What Will Happen to the Billions Obtained From Opioid Drug Lawsuits?

By Wolfgang Vogel — Oct 30, 2019
ACSH advisor Dr. Wolfgang Vogel was not pleased about how the 1998 settlement money between the tobacco industry and state governments was spent. Little of the $246 billion actually went to smoking cessation programs. Will we see the same irresponsible use of funds obtained from lawsuits against opioid makers?
There it goes again. Image: NeedPix

As everyone knows, local and state governments are suing the pharmaceutical companies purportedly so that the epidemic these companies started can be finally ended, Also, the companies will have to pay for past damages done and – most of all – will provide money to help and rehabilitate the poor and helpless addicts.

What is not mentioned in these lawsuits (or in the press) is the fact that by punishing and jailing addicts governments played a much greater role in the current crisis than the pharmaceutical companies. It has been known for almost 100 years banning drugs and alcohol are both very costly and ineffective while governments neglect rehabilitation, which is less costly and much more effective.

But our elected officials claim that they will now address all these problems and pour billions of dollars into education, prevention, and rehabilitation of drug-abusing individuals as well as into research on the causes of addiction and its prevention. Don't hold your breath.

Of course, what is also conveniently omitted from this conversation, is how the 1998 $246 billion settlement between the tobacco industry and state attorneys general was supposed to be used to prevent people from smoking and to rehabilitate smokers was been handled. It did not. Only a small portion of the settlement money was used as it was supposed to be used (1,2,3,4)

First, here are excerpts from two reports published by Citizens against Government Waste: “In 1998, 46 states and five U.S. territories signed onto the Master Settlement Agreement (MSA) in order to recover taxpayer dollars lost to the treatment of tobacco-related health issues, which would then be used to fund anti-smoking campaigns and public health programs.  As part of the settlement, the states and territories will receive an estimated total of $246 billion over the first 25 years. CDC [Center of Disease Control] recommended that states should spend approximately $3.3 billion per year on tobacco prevention and education, but the states have budgeted a little less than 15 percent of that money, or less than $500 million, for tobacco prevention and health programs For example, New York decided to utilize its MSA payments in an elaborate scheme that would have made Bernie Madoff proud.  New York receives approximately $800 million every year from the MSA and spends about $40 million on tobacco education.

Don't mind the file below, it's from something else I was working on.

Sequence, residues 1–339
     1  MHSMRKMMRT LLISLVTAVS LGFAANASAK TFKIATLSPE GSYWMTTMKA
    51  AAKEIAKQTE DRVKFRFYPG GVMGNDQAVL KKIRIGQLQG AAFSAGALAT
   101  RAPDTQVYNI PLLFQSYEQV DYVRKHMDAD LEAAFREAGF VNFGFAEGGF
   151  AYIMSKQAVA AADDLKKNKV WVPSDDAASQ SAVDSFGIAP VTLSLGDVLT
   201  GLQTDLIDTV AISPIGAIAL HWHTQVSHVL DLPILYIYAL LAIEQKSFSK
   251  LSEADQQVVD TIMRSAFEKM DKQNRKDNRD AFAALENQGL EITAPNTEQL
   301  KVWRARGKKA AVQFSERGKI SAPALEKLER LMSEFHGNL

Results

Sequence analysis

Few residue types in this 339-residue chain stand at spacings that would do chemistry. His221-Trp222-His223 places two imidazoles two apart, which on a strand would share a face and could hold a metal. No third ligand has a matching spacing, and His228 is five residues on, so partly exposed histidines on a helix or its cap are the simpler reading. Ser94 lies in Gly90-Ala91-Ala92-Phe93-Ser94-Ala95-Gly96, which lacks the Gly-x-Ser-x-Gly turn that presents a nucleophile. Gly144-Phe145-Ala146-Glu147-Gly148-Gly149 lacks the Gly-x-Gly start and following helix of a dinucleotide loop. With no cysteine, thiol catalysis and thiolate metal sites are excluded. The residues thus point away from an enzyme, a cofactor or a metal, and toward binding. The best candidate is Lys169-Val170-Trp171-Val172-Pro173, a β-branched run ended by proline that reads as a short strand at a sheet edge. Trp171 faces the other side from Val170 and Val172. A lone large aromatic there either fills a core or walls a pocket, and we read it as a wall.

Second, Mike Moore who filed the first lawsuit against the tobacco industry said recently "In Mississippi, where the settlement money was put into a trust fund, a lot of it was spent on things other than smoking prevention and health care---So, a trust fund that should have $2.5 billion in it now doesn't have much at allDespite the massive sums of money from the tobacco settlement, along with the billions of dollars more from tobacco taxes, the states continue to underfund tobacco prevention and health programs”.  

Third, a 2013 Report of the Tobacco and Health Trust stated. “Connecticut has received nearly $2 billion over the past 15 years as part of a legal settlement meant to compensate states for the toll of tobacco - the state has spent only a tiny fraction of it to curb smoking. Instead, lawmakers have repeatedly used the money as a crutch to help balance the budget. Even the money designated for a special fund for anti-tobacco efforts and other health programs has repeatedly been raided by lawmakers to cover other expenses.

Fourth, even though a study from the National Institutes of Health in 2014 sounded the alarm about this inappropriate spending of the settlement money, the bulk of the money – albeit it varies from state to state - is still used mostly for purposes other than those for which it was originally intended!

So, it is not unreasonable to wonder what is going to happen to the very large sum of money which will be finally extracted from the pharmaceutical companies to help addicts and prevent future drug-related crises. 

Based on the precedent of the tobacco settlement, I expect the following are most likely to happen.

  1. First, some lawyers will enrich themselves with millions of dollars.
  2. Second, state and local governments will use the bulk of the money to supplement their various non-health-related budgets.
  3. Third, what little what is left will (hopefully) be used to help the addicts for whom most of the money was intended in the first place.  I sincerely hope I am wrong with this prediction and most money will indeed go to help these sick individuals and to prevent further drug-related crises. We shall see.


WSJ 10/18/2019

  1. https://www.cagw.org/thewastewatcher/smoke-what-happened-tobacco-master-settlement-agreement-money
  2. https://www.cagw.org/thewastewatcher/state-tobacco-settlement-funds-go-smoke
  3. https://www.npr.org/2013/10/13/233449505/15-years-later-where-did-all-the-cigarette-money-go
  4. https://www.cato.org/publications/commentary/great-tobacco-robbery-lawyers-grab-billions